The July 16 Review article, “They’re not acting neighborly,” is really a dispute between Bainbridge Island and me.
The City Council and staff have acted unlawfully in their attempts to subvert my application to purchase county land.
In April I filed an application with the Kitsap treasurer to purchase the 30-foot-wide county parcel that has been used for 50 years to provide access to my home and six other landlocked properties.
On June 3 the treasurer offered to sell me the property for $23,352. The county expected my deed to be recorded by July 19.
Under state law the county must give the city 30 days notice before any such tax-title parcel can be sold. This law gives the city the option of purchasing the property only if it “will be used for an affordable housing development.”
On June 10, the city Public Works director asked what my intentions were. He said the city’s only interest was to make sure that the undeveloped property at the end of the parcel would be granted easement access. I said the undeveloped property already had easement access to Ellingsen Road.
The Public Works director then contacted the treasurer’s office and convinced them to delay my application. He then placed the issue on the July 13 council agenda.
The council’s discussion focused on whether it was fair to let me buy the property. Councilmembers wanted to ensure the owner of the undeveloped property would be able to extend our road 420 feet, which would save him a considerable amount of money.
The council’s approval is an unconstitutional gift of public funds since taxpayer dollars are being used to purchase land that provides no public benefit but greatly enriches one individual. The city also violated state law because it’s not to provide affordable housing.
If the city converts our privately maintained road into an unmaintained city street, all of the property owners will be required to obtain an “access permit” before they can use the street to get to their homes. Such a permit requires a fee and posting of a construction bond. The city will also dictate how the homeowners must maintain the street through a Road Maintenance Agreement.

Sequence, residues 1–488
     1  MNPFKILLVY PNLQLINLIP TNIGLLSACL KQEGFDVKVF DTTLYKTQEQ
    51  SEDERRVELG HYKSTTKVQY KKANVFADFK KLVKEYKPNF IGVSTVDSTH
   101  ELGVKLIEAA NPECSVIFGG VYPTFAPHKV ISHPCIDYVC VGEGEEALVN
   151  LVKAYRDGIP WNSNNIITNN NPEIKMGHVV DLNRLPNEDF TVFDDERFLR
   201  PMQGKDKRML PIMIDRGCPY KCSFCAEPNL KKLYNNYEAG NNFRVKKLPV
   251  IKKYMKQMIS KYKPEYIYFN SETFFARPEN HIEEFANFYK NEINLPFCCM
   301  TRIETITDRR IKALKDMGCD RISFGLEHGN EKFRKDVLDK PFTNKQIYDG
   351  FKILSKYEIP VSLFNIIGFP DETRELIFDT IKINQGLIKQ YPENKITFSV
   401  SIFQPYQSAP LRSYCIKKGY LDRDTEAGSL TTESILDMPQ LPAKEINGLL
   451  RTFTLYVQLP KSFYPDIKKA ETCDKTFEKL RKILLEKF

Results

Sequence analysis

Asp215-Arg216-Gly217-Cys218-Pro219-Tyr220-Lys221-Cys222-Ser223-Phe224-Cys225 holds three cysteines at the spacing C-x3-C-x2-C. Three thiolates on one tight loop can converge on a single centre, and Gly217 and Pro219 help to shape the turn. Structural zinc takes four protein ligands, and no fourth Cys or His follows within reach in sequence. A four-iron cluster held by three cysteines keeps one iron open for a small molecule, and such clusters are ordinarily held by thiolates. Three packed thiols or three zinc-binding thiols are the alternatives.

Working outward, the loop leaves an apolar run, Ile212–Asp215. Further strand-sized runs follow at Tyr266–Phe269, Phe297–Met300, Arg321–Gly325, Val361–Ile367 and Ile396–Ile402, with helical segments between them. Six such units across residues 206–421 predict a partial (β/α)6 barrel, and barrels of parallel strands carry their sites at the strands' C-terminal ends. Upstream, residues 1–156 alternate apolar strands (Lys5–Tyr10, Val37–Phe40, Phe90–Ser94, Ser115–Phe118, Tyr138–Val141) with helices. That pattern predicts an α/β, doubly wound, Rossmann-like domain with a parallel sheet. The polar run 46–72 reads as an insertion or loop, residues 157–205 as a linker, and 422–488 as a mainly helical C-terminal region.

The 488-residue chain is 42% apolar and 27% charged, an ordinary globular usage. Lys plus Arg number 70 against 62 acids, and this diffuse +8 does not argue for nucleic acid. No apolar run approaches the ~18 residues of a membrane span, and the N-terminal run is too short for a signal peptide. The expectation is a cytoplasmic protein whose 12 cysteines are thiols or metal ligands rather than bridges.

The city has orchestrated a hostile takeover of our neighborhood. My neighbors and I have been ignored by the city, and our reputations have been publicly damaged. I hope that the treasurer and Kitsap Board of Commissioners will not become accomplices in the city’s unethical behavior and will refuse to sell the tax-title parcel to the city.
I have lived on BI for 22 years and served for eight years on the City Council. I never would have expected my government to turn against me and my neighbors this way. Six of our seven councilmembers have violated their oath of office by disregarding the state Constitution and state law in their vote to purchase this parcel for the benefit of one property owner.
I hope that the community will take a close look at how their city government is mistreating some of its residents to provide financial benefits to those who have political influence.
Bob Scales of Bainbridge Island